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Robogenesis, by Daniel H Wilson, Simon & Schuster, RRP£20, 365 pages

Robogenesis revisits the near-future world of Wilson’s 2011 novel Robopocalypse, in which a robot uprising all but destroyed humanity and was quelled only after its leader, rogue artificial intelligence Archos R-14, was defeated.

The sequel begins after the end of that “New War” and traces the development of a “True War” instigated by R-8, a precursor of R-14, who is antithetical to all forms of life, synthetic and organic. Told in overlapping first-person narratives, the book reintroduces characters from its predecessor such as war heroes Lark Iron Cloud, Cormac Wallace and part-robot teenager Mathilda Perez, who has artificial eyes.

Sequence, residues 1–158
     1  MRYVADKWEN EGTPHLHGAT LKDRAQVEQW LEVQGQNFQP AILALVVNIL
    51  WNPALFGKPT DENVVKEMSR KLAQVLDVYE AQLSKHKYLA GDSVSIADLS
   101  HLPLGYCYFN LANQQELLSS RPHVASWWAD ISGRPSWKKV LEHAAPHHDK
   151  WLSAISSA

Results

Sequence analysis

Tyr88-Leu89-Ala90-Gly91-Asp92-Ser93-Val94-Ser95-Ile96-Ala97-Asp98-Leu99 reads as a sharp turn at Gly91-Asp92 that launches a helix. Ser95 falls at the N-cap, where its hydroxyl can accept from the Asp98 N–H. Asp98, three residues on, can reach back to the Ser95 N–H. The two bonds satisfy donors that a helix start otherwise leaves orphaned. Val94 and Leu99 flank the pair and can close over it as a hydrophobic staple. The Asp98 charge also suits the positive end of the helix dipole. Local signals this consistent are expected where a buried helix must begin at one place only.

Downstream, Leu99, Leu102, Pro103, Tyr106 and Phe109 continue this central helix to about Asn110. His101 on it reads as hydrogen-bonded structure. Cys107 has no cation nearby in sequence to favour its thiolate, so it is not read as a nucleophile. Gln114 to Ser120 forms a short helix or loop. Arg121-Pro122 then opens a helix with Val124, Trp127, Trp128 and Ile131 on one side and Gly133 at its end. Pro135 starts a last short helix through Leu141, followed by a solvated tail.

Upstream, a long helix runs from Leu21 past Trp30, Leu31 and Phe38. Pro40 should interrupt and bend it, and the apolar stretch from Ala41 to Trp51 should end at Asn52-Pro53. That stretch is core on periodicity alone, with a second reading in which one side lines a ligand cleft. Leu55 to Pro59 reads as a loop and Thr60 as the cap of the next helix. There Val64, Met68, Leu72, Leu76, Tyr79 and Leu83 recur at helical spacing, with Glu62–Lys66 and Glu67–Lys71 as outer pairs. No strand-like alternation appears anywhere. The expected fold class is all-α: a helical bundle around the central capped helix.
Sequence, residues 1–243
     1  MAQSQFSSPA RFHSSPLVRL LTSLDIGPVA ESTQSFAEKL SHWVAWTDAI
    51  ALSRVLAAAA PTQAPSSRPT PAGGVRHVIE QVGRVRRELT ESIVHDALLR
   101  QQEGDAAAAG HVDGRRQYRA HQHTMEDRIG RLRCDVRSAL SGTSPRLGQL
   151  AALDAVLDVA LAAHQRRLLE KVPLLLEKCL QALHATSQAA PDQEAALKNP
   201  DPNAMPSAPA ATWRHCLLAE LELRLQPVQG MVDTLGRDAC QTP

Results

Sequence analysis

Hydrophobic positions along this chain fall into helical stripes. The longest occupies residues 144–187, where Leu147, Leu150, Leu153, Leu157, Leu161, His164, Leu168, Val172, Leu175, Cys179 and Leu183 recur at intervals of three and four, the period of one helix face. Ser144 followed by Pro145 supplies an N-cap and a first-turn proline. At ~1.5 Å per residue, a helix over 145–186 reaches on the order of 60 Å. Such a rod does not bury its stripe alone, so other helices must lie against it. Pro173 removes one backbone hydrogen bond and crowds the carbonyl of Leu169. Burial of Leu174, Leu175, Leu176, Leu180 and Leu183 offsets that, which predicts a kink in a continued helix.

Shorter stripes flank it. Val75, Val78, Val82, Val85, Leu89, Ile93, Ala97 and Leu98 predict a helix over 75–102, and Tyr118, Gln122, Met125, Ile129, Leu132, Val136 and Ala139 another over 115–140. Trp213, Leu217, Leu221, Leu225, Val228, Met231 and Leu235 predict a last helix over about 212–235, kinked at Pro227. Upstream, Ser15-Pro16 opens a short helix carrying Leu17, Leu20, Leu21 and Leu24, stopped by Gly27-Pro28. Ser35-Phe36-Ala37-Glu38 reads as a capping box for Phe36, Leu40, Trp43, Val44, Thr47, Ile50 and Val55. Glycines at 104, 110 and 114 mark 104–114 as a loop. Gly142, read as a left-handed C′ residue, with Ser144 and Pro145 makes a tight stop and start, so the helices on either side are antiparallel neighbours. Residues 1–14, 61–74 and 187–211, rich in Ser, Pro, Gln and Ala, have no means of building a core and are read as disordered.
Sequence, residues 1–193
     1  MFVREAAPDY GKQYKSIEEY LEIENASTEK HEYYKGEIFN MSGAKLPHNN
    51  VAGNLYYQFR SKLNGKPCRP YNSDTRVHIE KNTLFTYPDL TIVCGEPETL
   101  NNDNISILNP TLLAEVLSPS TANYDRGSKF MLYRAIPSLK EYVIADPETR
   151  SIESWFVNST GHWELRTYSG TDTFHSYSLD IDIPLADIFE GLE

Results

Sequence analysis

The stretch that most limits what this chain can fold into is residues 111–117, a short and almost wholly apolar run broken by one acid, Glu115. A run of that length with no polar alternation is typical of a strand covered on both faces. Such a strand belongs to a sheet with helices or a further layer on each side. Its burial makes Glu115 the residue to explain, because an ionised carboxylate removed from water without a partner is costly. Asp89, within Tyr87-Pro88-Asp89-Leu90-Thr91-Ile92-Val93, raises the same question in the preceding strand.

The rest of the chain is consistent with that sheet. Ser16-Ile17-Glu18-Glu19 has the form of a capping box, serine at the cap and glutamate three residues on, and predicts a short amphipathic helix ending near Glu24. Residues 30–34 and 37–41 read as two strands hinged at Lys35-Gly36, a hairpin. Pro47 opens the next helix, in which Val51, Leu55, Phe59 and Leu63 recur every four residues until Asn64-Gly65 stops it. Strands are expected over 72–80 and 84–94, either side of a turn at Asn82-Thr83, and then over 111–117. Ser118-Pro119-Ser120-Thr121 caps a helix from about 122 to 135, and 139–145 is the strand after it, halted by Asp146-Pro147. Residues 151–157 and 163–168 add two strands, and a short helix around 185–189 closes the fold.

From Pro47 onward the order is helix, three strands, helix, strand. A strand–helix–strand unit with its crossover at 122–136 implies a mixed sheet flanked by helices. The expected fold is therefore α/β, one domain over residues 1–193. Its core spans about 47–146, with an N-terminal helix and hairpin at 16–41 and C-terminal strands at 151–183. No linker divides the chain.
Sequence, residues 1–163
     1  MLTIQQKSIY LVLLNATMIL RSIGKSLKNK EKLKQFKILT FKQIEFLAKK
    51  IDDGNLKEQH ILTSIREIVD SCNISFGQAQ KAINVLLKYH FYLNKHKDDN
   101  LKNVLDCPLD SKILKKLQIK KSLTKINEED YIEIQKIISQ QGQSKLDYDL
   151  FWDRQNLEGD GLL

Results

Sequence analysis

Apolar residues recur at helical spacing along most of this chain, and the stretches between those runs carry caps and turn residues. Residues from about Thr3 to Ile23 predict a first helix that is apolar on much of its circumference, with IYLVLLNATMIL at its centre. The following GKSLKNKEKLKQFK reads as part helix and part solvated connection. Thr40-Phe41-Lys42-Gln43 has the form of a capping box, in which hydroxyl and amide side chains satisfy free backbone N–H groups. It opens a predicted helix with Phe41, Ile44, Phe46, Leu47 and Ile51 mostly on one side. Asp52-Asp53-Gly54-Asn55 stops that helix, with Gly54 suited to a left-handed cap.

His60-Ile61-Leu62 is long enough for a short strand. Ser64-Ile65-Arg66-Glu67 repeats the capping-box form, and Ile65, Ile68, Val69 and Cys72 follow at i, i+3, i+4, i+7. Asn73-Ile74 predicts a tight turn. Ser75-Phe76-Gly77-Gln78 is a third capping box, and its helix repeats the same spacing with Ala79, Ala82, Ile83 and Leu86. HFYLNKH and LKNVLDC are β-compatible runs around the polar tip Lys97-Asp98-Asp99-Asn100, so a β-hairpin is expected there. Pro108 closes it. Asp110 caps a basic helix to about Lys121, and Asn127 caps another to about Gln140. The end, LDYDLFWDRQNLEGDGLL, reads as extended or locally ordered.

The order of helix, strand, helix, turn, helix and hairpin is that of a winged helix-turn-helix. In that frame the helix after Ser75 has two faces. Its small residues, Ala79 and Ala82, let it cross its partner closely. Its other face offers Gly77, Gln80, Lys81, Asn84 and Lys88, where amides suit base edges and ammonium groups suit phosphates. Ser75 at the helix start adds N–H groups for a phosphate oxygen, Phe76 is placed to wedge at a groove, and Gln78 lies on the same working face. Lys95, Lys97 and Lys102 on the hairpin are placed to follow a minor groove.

The narrative lacks the thrust of Robopocalypse and has a tendency to ramble as it traces the characters’ shifting allegiances. The novel is very much the middle part of a trilogy, a bridge to a promised third instalment. Nonetheless, Wilson offers subtle characterisation, writes vivid action scenes, and raises intriguing, provocative questions about soul and sentience.

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